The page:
Be not overcome of evil, but overcome evil with good.

(Romans 12:21)

So, instead of going on a rampage on social media, let’s try and show a little kindness to our neighbors. Instead of returning hate for hate, and meme for meme, let’s spread the Good News of hope in Christ. Let’s be an agent of good.

Be not deceived: evil communications corrupt good manners.

(I Corinthians 15:33)

To me, this verse sums up the problem these days. We have allowed the enemy to divert us from our purpose. Let’s not be deceived anymore. Let’s take up our only spiritual weapon, the sword of the Spirit (God’s Word), and turn it on our real enemy (Ephesians 6: 17).

Submit yourselves therefore to God. Resist the devil, and he will flee from you. (James 4:7)

Like a Tree

I have spent most of today watching a parade of utility trucks lined up down the street. It all started last night. I went to bed to the sound of rain starting to fall and a little wind. No weather alerts, no strikes of lightning, just a mild summer storm. The first warning that something was amiss was a cracking sound, followed by the ominous click of the power going out. Then, there was a flash of sparks and all fell silent. I tried to look out my window, but rain had blurred the screens and darkness had settled on the entire neighborhood, no street lights.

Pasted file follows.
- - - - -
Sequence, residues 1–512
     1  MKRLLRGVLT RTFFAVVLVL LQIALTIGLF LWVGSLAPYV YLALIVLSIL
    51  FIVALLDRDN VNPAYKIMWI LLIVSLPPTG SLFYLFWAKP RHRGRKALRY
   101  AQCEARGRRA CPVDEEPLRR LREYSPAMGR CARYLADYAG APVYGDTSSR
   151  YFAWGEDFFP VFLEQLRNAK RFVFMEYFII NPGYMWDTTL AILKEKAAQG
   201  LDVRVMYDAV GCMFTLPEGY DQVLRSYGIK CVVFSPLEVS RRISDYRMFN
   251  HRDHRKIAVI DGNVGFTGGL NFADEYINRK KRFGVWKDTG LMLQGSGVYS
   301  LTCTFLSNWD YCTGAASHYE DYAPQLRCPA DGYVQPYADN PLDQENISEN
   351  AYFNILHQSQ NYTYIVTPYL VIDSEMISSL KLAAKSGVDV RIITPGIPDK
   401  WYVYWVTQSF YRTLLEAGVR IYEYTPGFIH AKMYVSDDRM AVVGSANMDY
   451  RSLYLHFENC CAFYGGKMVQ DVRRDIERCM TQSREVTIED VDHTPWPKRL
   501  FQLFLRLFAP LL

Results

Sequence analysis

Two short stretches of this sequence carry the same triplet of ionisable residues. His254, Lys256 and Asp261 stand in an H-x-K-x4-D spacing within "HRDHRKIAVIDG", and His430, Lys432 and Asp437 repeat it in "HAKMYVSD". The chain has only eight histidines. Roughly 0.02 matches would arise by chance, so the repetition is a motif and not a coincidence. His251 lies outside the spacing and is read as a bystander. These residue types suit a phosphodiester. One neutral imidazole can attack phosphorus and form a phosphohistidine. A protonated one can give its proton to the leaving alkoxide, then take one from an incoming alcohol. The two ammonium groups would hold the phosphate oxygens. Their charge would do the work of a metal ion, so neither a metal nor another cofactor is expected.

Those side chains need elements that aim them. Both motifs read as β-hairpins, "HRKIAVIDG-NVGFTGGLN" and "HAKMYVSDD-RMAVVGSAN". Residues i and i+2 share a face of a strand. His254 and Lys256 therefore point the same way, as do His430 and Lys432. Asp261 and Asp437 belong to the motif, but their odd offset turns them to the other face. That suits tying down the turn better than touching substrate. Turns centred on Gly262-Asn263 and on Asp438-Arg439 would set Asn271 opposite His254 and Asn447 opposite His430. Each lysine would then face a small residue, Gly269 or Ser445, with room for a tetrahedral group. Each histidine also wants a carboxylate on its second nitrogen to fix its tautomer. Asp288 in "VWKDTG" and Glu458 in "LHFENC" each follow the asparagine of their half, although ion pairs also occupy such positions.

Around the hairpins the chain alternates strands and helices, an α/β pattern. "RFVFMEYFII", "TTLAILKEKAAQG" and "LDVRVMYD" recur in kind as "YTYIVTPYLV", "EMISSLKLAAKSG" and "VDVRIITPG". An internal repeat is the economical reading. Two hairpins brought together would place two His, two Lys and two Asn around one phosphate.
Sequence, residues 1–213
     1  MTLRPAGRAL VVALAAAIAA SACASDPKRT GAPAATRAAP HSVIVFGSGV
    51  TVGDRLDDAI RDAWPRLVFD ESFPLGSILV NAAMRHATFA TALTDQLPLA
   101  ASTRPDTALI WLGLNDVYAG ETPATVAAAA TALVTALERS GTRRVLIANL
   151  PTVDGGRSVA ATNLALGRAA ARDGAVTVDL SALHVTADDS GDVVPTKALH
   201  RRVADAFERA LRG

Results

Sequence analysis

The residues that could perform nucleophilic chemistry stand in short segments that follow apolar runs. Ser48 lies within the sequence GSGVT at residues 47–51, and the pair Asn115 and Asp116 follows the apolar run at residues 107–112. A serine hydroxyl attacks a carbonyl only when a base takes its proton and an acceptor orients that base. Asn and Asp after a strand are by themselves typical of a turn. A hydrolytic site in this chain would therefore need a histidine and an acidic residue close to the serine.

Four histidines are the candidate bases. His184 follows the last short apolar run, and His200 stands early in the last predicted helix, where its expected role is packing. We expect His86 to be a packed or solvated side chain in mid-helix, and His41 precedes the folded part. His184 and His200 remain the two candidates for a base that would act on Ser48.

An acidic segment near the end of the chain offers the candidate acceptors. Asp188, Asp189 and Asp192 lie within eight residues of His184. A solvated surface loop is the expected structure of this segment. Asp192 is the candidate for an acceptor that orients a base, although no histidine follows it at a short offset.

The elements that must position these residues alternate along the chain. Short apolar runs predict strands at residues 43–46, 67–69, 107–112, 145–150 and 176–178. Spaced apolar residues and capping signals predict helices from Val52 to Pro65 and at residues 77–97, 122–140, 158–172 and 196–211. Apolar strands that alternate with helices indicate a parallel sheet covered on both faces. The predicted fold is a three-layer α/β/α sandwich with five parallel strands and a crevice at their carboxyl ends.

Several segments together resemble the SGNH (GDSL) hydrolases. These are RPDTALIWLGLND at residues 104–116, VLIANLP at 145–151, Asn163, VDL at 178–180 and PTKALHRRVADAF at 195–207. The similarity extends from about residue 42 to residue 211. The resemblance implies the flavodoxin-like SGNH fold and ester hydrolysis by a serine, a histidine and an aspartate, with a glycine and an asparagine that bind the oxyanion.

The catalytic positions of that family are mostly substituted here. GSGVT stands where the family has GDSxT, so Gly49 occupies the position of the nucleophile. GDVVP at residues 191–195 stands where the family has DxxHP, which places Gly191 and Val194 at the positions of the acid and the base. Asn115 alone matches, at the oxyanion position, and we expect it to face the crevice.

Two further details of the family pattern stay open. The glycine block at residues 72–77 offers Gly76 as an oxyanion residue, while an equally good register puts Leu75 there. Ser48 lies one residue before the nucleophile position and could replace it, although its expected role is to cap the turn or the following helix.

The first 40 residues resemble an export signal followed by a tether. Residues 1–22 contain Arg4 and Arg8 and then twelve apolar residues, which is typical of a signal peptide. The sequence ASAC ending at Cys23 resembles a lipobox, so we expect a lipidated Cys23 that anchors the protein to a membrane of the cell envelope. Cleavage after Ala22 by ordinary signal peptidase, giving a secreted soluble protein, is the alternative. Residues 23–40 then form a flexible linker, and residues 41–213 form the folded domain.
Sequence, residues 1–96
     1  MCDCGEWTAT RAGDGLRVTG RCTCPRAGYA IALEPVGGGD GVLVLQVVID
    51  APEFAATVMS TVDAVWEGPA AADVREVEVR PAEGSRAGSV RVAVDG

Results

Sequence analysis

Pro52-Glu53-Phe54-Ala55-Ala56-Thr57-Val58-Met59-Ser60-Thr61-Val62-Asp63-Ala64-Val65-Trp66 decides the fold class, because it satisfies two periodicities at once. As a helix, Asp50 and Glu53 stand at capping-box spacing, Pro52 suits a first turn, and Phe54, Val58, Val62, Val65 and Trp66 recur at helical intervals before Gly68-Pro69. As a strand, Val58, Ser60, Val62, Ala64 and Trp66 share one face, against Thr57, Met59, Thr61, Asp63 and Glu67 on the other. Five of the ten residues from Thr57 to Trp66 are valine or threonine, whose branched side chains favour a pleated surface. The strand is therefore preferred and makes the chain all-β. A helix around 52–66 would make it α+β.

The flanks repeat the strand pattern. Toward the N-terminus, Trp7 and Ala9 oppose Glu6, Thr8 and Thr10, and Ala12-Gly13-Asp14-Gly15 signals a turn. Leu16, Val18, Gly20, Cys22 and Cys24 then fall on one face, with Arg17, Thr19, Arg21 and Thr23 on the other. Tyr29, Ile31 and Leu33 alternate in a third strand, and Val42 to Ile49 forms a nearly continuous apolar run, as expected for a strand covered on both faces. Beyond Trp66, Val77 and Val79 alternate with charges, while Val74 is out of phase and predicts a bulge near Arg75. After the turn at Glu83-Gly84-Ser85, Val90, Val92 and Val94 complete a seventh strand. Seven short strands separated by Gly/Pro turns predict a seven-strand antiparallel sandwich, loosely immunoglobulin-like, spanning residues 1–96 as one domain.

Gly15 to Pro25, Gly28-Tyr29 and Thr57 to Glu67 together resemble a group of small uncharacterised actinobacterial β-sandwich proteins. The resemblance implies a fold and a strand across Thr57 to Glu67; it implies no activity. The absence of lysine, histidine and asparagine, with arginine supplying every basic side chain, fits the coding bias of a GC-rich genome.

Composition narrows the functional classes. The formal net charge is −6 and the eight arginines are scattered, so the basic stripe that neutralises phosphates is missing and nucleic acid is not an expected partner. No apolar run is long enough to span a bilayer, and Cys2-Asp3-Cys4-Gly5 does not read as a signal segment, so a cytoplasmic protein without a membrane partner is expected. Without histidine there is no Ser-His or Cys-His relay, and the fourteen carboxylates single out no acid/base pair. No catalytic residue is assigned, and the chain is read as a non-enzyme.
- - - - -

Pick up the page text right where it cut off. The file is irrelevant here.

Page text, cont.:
I dialed the power company outage number, and they confirmed my power was out, something I was well aware of by then. I submitted the notification of my address and lay down to sleep since there was nothing more to do. The sound of beeping utility trucks and floodlights woke me up. I called the number again for an update to find out a tree had fallen on power lines. They estimated a couple of hours. The last truck left at 3 p.m. the next day. They had underestimated the damage and the time it would take to repair it.

I have pondered on and off all day how such a slight storm could cause so much damage. The answer is that the roots of the tree were not strong enough to withstand the storm. This year we have had a lot of rain and multiple storms. The tree had apparently found the final straw as the old saying goes. It couldn’t take anymore, so it gave way. In the process it took out quite a bit of collateral damage with it.